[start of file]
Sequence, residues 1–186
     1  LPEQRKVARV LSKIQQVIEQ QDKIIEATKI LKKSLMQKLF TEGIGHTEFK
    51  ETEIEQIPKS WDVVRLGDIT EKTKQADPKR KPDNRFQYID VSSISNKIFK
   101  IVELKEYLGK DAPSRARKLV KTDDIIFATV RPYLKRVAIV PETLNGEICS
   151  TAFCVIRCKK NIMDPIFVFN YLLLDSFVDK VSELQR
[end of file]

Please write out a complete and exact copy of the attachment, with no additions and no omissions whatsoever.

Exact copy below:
Sequence, residues 1–186
     1  LPEQRKVARV LSKIQQVIEQ QDKIIEATKI LKKSLMQKLF TEGIGHTEFK
    51  ETEIEQIPKS WDVVRLGDIT EKTKQADPKR KPDNRFQYID VSSISNKIFK
   101  IVELKEYLGK DAPSRARKLV KTDDIIFATV RPYLKRVAIV PETLNGEICS
   151  TAFCVIRCKK NIMDPIFVFN YLLLDSFVDK VSELQR